Action

Action Synopsis: Bat Conservation About Actions

Prevent turbine blades from turning at low wind speeds to reduce bat fatalities

How is the evidence assessed?
  • Effectiveness
    80%
  • Certainty
    50%
  • Harms
    0%

Source countries

Key messages

  • Three studies evaluated the effects of preventing turbine blades from turning at low wind speeds on bat populations. Two studies were in Canada and one review was in the USA.

COMMUNITY RESPONSE (0 STUDIES)

POPULATION RESPONSE (3 STUDIES)

USAGE (0 STUDIES)  

About key messages

Key messages provide a descriptive index to studies we have found that test this intervention.

Studies are not directly comparable or of equal value. When making decisions based on this evidence, you should consider factors such as study size, study design, reported metrics and relevance of the study to your situation, rather than simply counting the number of studies that support a particular interpretation.

Supporting evidence from individual studies

  1. A replicated, controlled before-and-after study in 2005 at a wind farm in an agricultural area of Alberta, Canada (Brown & Hamilton 2006) found that preventing turbine blades from rotating at low wind speeds resulted in fewer bat fatalities than at conventional control turbines. The total number of bat carcasses recovered by searchers was significantly lower at experimental turbines shut down at low wind speeds (64 bats, 40% of total) than at conventional control turbines (95 bats, 60% of total). The number of bat carcasses did not differ significantly between turbines before the experiment (‘experimental’ turbines: 157 bats, 49% of total; ‘control’ turbines: 164 bats, 51% of total). In August 2005, all of 39 turbines were operated using conventional methods. In September 2005, odd numbered turbines (20 of 39) were braked and locked to prevent them from turning at low wind speeds (<4 m/s). Nineteen control turbines were left unaltered. Carcass searches were conducted weekly along transects covering a 140 m2 area around each turbine in August–September 2005.

    Study and other actions tested
  2. A randomized, replicated, controlled before-and-after study in 2006–2007 at a wind farm in an agricultural area of Alberta, Canada (Baerwald et al 2009) found that preventing turbine blades from rotating at low wind speeds resulted in fewer bat fatalities than at conventional turbines. Bat fatality rates were significantly lower at experimental turbines with altered blade angles (average 8 bats/turbine) than at conventional control turbines (average 19 bats/turbine). Bat fatality rates did not differ significantly between turbines before the experiment (‘experimental’ turbines: average 19 bats/turbine; ‘control’ turbines: average 24 bats/turbine). In 2006, all of 14 turbines were operated using conventional methods. In 2007, six randomly chosen turbines were altered by changing the pitch angle of the rotor blades to prevent them from turning at low wind speeds (<4 m/s). Eight control turbines were left unaltered. Carcass searches were conducted weekly along spiral transects up to 52 m around each of the 14 turbines in July–September 2006 and 2007.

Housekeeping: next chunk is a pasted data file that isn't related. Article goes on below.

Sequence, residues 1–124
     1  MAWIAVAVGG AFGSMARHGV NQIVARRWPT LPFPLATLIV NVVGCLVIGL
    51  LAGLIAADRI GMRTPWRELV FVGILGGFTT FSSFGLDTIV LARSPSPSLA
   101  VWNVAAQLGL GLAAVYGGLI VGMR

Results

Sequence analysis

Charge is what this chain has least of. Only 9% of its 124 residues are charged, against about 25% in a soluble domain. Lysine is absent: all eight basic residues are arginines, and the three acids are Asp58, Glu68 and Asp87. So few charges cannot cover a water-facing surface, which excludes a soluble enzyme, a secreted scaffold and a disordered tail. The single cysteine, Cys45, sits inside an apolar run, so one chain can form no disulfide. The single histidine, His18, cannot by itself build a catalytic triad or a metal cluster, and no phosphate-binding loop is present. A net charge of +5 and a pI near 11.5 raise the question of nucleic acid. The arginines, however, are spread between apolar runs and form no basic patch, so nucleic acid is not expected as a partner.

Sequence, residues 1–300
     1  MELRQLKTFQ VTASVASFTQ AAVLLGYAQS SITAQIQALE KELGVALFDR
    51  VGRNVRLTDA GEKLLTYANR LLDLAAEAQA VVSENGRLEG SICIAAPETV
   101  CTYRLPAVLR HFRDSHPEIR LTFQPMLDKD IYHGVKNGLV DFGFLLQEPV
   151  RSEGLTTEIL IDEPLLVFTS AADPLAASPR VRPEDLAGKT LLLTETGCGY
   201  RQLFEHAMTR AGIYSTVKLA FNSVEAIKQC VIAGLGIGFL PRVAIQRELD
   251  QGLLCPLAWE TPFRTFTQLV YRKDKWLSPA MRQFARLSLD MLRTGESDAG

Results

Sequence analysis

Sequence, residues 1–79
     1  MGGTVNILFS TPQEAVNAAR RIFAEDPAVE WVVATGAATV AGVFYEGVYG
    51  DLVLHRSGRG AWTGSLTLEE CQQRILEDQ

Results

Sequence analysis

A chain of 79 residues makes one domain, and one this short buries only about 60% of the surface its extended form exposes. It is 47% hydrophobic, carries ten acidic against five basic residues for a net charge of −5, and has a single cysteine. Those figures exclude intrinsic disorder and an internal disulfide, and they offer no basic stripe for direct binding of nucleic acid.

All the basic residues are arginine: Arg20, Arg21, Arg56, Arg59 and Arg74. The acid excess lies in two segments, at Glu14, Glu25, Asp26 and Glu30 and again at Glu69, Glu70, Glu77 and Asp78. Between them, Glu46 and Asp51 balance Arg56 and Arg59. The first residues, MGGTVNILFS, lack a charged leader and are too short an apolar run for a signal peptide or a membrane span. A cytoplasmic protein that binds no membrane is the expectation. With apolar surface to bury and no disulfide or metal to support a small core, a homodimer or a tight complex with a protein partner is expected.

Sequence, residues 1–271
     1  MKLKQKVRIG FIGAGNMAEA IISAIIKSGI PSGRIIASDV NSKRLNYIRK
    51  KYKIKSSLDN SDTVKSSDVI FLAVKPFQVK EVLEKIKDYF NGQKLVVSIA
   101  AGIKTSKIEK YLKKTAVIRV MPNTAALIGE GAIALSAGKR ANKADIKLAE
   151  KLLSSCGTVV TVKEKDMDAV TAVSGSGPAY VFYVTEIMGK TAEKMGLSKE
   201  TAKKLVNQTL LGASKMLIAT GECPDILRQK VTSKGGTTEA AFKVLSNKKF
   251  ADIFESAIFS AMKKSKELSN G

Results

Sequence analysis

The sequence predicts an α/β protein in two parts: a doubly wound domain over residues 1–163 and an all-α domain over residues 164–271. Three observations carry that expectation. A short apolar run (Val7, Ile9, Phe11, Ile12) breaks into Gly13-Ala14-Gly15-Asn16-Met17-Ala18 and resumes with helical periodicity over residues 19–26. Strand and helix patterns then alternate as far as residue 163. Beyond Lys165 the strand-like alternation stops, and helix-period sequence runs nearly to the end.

Study and other actions tested
  3. A review of six studies in 2006–2011 at wind energy facilities in Canada and the USA (Arnett et al 2013) found that preventing turbine blades from turning at low wind speeds, or preventing turbines blades from turning at low wind speeds along with increasing the wind speed at which turbines became operational (‘cut-in speed’) resulted in fewer bat fatalities in all six studies. Average bat fatalities were reduced by 23–57% when turbine blades were prevented from turning at low wind speeds, and by 57–89% when cut-in speeds were also increased, compared to conventionally operated turbines (see original reference for more detailed results). In all six studies, turbine blades were prevented from turning at low wind speeds by changing the angle of turbine blades to be parallel to the wind. In three of the six studies, cut-in speeds were also increased (4–6.5 m/s) compared to the standard manufacturer’s cut-in speed (3–4 m/s). One study in this review has been summarised individually (Baerwald et al 2009).

    Study and other actions tested
Please cite as:

Berthinussen, A., Richardson O.C. and Altringham J.D. (2019) Bat Conservation: Global Evidence for the Effects of Interventions. Synopses of Conservation Evidence Series. University of Cambridge, Cambridge, UK.

 

Where has this evidence come from?

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Bat Conservation

This Action forms part of the Action Synopsis:

Bat Conservation
What Works in Conservation

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What Works in Conservation assesses the research looking at whether interventions are beneficial or not. It is based on summarised evidence in synopses, on topics such as amphibians, bats, biodiversity in European farmland, and control of freshwater invasive species. More are available and in progress.

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